Feeling a sharp pain down your spine?
It may just be muscle fatigue, but it could also be a pinched nerve.
A pinched nerve—although typically non-life-threatening—can cause pain, weakness, numbness, and tingling that interfere with daily activities. They most often occur at one of three main spinal sections: cervical, thoracic, and lumbar spine.
The good news is there are many pinched nerve treatment options available (most of them non-surgical) for you to try.
Learn about the latest techniques in pinched nerve treatment by consulting with the Back, Neck, and Spine Team at EmergeOrtho—Triangle Region. Our board-certified, fellowship-trained orthopedic specialists apply their expert-level understanding to spinal conditions and the most advanced treatment techniques to heal them.
What Is a Pinched Nerve?
A pinched nerve is when compression or irritation occurs at the point where the nerve branches off from the spinal cord. As stated above, it most commonly occurs in the neck (cervical spine), and lower back (lumbar spine), and less commonly in the upper back (thoracic spine).
In younger patients, a pinched nerve is more commonly caused by a herniated disc, which can occur spontaneously or after a specific injury.
In older patients, pinched nerves are typically caused by wear and tear, usually in the form of arthritis—bone spurs, calcium deposits, thickened ligaments, and collapsed/degenerated discs that put pressure on the nerve.
No matter the cause, symptoms of a pinched nerve may include:
- Sharp pain radiating from the location of the nerve to the area served by the nerve.
- Numbness, tingling, and/or a burning sensation.
- Weakness in the surrounding muscles.
- Pain with subtle neck or back movement.
How to Find Relief From a Pinched Nerve
Most patients find relief with non-surgical pinched nerve treatment options. Common pinched nerve treatment techniques include:
- Physical therapy Specific exercises (coupled with spinal traction in some cases) done over an appropriate period can relieve pain, strengthen the surrounding muscles, and improve pain in the affected area.
- Bracing. Depending on which area of your spine is affected, a soft cervical collar or a back brace can prevent further pinching by limiting movement and allowing the surrounding muscles to rest.
Note that most braces will need to be worn for short spurts to prevent permanent muscle weakness. You should follow the specific instructions of your orthopedic specialist for the best results.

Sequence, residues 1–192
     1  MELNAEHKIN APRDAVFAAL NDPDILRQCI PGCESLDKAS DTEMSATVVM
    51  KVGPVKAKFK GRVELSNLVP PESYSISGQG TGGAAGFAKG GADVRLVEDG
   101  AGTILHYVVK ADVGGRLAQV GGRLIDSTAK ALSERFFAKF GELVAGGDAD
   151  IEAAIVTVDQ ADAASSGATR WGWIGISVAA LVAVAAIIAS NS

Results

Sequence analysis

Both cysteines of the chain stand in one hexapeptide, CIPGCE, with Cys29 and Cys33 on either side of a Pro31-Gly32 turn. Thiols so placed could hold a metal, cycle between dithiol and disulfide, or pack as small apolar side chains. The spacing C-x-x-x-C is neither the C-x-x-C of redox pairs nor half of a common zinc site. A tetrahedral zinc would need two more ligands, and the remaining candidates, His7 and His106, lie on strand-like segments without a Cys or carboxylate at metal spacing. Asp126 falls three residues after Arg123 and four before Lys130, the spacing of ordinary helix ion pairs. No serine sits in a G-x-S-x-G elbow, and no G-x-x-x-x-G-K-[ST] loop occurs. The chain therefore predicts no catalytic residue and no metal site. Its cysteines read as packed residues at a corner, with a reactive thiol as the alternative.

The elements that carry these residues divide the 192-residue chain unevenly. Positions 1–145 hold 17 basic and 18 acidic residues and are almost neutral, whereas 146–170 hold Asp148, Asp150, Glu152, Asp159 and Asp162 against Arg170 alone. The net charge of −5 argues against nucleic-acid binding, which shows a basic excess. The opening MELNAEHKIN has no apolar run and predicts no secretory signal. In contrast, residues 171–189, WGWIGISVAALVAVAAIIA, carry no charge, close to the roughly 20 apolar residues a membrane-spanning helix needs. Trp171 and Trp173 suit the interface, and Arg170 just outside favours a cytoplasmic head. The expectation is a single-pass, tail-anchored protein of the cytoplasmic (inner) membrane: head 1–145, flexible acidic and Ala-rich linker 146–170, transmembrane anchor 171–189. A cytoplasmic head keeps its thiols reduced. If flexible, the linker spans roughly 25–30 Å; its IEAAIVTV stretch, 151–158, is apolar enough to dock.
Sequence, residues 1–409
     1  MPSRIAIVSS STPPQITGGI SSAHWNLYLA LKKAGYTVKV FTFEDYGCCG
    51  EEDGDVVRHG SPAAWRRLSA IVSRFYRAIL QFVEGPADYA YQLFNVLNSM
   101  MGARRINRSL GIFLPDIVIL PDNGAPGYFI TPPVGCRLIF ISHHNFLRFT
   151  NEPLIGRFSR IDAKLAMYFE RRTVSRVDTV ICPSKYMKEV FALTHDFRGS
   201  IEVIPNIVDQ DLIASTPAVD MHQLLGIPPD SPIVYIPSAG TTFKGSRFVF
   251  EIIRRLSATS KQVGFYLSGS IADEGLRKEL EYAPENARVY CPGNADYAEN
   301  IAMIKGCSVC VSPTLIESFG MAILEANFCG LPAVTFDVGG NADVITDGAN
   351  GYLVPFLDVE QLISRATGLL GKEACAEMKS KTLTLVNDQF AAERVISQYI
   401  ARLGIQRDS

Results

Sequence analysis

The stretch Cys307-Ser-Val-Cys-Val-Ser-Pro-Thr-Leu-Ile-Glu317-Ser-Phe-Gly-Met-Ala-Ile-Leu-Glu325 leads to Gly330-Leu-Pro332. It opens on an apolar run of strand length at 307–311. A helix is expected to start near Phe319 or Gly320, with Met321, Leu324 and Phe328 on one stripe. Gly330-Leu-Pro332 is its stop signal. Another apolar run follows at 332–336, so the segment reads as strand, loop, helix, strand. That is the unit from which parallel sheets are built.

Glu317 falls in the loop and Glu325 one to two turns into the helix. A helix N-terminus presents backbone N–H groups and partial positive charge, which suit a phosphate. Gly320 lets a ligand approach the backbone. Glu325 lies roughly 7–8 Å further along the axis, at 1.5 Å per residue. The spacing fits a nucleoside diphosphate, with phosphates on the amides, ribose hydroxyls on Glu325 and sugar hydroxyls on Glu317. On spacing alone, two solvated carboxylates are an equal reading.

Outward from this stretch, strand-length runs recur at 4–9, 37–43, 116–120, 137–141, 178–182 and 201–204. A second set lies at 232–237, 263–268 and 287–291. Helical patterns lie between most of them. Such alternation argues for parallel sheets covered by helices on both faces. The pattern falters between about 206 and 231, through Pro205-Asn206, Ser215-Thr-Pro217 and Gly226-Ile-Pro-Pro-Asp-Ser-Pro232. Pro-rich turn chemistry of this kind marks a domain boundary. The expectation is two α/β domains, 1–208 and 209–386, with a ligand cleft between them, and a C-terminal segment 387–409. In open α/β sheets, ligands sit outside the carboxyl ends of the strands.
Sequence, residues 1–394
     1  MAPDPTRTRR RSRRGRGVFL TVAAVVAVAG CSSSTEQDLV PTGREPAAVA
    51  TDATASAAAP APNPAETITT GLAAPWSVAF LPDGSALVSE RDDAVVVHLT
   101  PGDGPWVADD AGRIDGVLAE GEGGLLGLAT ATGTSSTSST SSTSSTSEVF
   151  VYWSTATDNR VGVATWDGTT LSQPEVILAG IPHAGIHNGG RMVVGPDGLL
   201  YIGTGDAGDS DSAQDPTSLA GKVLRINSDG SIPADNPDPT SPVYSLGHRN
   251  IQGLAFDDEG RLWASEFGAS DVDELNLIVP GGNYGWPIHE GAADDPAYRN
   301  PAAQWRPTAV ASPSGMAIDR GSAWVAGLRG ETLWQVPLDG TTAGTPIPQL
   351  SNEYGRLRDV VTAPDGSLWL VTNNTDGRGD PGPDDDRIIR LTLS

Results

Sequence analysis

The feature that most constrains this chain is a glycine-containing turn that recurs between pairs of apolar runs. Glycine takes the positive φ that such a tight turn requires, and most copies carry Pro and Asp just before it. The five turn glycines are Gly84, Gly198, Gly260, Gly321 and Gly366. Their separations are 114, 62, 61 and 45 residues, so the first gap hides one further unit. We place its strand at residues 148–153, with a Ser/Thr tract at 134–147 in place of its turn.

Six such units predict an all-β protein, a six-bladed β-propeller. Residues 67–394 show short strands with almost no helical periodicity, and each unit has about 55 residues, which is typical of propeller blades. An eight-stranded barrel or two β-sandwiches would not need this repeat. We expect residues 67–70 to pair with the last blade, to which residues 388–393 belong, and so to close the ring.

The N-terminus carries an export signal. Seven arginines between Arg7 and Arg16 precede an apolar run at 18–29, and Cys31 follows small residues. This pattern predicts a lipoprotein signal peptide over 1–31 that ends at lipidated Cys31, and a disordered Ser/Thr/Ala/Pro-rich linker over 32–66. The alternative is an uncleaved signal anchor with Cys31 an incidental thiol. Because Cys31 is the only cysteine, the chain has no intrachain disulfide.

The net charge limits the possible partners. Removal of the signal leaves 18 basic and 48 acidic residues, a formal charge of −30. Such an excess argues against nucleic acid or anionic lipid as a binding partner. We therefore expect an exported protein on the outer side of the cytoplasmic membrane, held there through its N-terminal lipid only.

- Oral medications. Nonsteroidal anti-inflammatory drugs (NSAIDs), acetaminophen, or oral corticosteroids can relieve pain by reducing inflammation, swelling, and irritation. Other medications may be prescribed as well.
- Steroid injections. Steroids are injected near the affected nerve to reduce inflammation.
If time and non-surgical treatments do not heal a pinched nerve or symptoms of weakness and numbness progress, surgery may be recommended. Surgery can include:
- Lumbar microdiscectomy
The herniated disc is removed from the spine to relieve pressure from the affected nerve.
- Lumbar laminectomy/hemilaminectomy
A procedure to remove the bone spurs and thickened ligaments pressing on nerves, and relieve the symptoms of a pinched nerve.
- Anterior cervical discectomy and fusion
The most common procedure to heal pinched nerves in the cervical spine (neck), anterior cervical discectomy and fusion, removes the problematic disc and/or bone spurs via an incision in the front (anterior) of the body. The spine is then stabilized using spinal fusion.
- Cervical disc replacement
An alternative to cervical fusion for some patients, cervical disc replacement addresses disc herniation, bone spurs are removed, and an artificial disc is inserted.
- Posterior cervical laminoforaminotomy
Similar to the treatment listed above, this procedure is generally used to treat pinched nerves in the cervical spine (neck). The surgeon will first use special tools to shave down the lamina (the arched bone that forms the backside of the spinal canal) for better access to the affected nerve.The doctor then removes any bone, bone spurs, tissue, or portions of the herniated disc that are causing the pinched nerve. This procedure is performed via an incision in the backside (posterior) of the body.
Experience Exceptional Pinched Nerve Treatment With EmergeOrtho—Triangle Region
A pinched nerve may go away on its own, but it may also get worse with time. If you are in pain, take the safe route and consult with EmergeOrtho—Triangle Region’s Back, Neck, and Spine Specialists to access a wealth of knowledge, experience, and medical innovations.
To learn more, self-schedule an appointment now. Or, call us any time at (919) 220-5255.